A lattice of grit sites should be established across the moor, either marked with small posts or the grid reference of each heap recorded with a handheld GPS. The spacing will be dependent on spring grouse densities with the aim of providing one box per pair. A density of 50 pairs of grouse per 100ha would therefore require 50 boxes spaced every 150 metres. With densities of grouse currently well in excess of this, box density should be much higher, with some moors having a grit box every 75 metres.
Grit boxes in this photograph are marked by posts at intervals of 100 metres.
Conducting grouse counts in July and spring are vital to give estimates of autumn/spring densities. This, together with the number of grouse harvested and an allowance for natural mortality, allows the numbers of grit sites required to be calculated. Grit boxes should be placed in short vegetation, with proximity to standing and running water avoided.
With the recent occurrence of Cryptosporidium baileyi in grouse, the siting and density of grit boxes is more important than ever. Grouse transmit the infective stages of crypto (oocysts) via mucous expelled from their nasal cavities and in both the fibrous and caecal dropping from grouse, so preventing contamination of grit boxes with grouse faecal material is essential. Boxes no larger than 20x15cm should be used, with numerous small drainage holes in the base. Raising boxes slightly off the floor will aid drainage. Preventing the boxes holding moisture is essential because crypto oocysts require moisture for survival in the environment. Placing stones around the grit boxes will help to make them more obvious to grouse. Once a gritting pattern has been established and the grouse are using it, only move boxes 2-3 metres annually to help prevent a build-up of crypto oocysts.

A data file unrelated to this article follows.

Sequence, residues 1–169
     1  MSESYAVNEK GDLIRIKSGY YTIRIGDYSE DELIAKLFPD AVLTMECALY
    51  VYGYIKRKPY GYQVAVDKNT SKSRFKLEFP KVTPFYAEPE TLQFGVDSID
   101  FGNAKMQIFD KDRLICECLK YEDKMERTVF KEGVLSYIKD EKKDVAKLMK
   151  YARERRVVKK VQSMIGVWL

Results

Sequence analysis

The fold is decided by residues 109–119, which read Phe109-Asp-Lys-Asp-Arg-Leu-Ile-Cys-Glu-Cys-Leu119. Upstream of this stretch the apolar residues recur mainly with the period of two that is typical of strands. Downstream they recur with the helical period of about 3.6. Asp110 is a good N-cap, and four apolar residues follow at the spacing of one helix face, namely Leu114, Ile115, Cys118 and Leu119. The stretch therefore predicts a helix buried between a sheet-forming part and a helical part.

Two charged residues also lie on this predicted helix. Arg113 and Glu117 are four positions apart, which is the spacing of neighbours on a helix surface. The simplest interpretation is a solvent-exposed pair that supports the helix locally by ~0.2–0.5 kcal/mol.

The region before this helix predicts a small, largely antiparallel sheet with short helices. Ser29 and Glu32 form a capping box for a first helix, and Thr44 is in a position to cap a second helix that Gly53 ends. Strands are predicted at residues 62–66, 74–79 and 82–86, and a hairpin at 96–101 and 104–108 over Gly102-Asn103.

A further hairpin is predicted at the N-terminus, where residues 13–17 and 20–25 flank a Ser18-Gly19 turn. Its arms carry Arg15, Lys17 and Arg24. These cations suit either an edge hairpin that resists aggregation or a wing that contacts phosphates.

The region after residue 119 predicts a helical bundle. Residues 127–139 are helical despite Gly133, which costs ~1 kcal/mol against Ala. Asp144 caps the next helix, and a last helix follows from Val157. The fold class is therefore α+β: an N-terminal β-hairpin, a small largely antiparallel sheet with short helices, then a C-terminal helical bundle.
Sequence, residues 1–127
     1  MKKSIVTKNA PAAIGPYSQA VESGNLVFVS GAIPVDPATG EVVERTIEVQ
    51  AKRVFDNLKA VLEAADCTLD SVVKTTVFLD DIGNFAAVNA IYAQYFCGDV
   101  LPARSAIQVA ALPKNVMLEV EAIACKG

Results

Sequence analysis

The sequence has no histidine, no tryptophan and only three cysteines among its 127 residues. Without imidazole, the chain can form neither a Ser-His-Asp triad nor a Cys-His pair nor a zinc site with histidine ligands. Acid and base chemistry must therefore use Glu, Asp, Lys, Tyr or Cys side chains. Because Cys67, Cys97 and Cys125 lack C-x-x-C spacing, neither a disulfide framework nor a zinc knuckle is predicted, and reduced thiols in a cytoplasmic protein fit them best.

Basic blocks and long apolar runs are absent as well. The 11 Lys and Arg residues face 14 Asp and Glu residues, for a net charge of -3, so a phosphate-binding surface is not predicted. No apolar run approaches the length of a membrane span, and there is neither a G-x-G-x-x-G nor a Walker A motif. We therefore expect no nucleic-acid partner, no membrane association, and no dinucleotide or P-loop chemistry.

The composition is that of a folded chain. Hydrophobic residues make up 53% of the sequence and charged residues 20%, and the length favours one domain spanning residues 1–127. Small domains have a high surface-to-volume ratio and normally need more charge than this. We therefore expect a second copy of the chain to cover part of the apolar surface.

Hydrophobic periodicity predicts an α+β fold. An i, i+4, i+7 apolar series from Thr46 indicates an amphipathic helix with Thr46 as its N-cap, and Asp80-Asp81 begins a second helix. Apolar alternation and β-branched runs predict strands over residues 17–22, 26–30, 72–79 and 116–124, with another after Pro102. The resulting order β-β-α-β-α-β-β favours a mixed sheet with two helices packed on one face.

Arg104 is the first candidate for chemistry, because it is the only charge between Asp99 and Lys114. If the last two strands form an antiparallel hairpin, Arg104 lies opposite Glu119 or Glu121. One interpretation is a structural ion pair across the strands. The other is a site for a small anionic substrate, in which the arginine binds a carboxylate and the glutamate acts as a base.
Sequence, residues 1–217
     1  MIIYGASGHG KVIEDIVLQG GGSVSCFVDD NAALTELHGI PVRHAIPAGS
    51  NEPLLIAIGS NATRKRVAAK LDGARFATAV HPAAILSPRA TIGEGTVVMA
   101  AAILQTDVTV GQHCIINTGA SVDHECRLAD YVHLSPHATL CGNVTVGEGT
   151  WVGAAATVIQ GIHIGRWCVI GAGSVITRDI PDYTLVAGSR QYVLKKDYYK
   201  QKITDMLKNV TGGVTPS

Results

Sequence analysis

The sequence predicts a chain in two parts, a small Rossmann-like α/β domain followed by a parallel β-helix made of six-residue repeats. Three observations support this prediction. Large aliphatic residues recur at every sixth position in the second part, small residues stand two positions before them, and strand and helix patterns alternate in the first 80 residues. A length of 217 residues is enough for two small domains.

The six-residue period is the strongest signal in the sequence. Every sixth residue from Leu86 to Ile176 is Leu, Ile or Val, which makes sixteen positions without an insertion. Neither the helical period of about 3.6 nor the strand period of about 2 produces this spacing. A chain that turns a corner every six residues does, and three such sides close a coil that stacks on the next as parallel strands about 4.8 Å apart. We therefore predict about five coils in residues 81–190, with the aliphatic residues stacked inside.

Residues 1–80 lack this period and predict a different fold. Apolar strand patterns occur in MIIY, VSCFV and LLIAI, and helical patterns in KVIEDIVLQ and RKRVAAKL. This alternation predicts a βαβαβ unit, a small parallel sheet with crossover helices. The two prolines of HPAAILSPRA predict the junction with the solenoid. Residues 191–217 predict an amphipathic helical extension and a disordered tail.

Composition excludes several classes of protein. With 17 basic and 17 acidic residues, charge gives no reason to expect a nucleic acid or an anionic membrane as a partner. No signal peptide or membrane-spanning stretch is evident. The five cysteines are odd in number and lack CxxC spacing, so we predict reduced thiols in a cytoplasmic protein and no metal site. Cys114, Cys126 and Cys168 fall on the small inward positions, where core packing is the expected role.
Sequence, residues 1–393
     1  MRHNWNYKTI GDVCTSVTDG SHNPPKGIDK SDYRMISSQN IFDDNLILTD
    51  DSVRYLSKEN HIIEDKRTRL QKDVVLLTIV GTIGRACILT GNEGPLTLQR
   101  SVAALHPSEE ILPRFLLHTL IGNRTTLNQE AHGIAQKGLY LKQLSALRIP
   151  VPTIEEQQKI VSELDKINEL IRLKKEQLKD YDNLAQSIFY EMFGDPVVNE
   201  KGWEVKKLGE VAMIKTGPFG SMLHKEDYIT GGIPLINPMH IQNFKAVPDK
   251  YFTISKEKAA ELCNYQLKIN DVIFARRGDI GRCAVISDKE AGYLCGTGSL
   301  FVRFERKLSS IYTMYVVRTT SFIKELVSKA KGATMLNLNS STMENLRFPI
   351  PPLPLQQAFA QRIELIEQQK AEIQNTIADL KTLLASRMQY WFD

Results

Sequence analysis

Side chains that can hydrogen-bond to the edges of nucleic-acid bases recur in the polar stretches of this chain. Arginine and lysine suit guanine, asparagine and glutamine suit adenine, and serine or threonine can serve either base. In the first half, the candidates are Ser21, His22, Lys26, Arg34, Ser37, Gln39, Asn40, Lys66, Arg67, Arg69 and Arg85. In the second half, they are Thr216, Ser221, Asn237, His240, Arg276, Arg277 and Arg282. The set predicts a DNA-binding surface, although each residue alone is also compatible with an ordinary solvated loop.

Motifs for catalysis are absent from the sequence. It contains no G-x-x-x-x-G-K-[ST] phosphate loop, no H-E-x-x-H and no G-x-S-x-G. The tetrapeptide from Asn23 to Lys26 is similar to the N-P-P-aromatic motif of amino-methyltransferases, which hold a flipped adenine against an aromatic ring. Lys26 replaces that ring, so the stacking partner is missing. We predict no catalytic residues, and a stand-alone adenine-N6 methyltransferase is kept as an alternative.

Medicated grit should be placed out on the established gritting sites in early spring and withdrawn at the end of June. By providing a limited period of access to the grit, this will help offset resistance build-up in the worms to the anthelmintic.
Grit box hygiene
No more than 500g of grit should be placed in each box. A grouse consumes approximately 35g of grit per month, therefore 500g will last a pair of grouse approximately seven months. Some sites may be more popular and require replenishing. All grouse faecal material should be removed from boxes on a regular basis. Fresh medicated grit should be used each year. All old medicated grit should be removed from the boxes in late June/early July and removed from the moor.
Do not place new medicated grit on the top of old medicated grit. This will not only dilute the effectiveness of the anthelmintic but may increase infection from crypto. The development of grit boxes more like poultry pellet dispensers may be worth considering to prevent faecal contamination of the medicated grit.
When medicated grit has been withdrawn from the moor, plain quartz grit should be made available to the birds. Because no drugs are incorporated this can be placed on the ground 3-5 metres away from the medicated site to provide “clean” ground for the birds. Again, only a small quantity should be placed at each location so it is used up by the time that medicated grit is provided to the birds again.
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✓ History of disease
✓ History of control
✓ Medicated grit
✓ Assessing grouse for worms
✓ Deployment of medicated grit and grit box hygiene
✓ Best practice checklist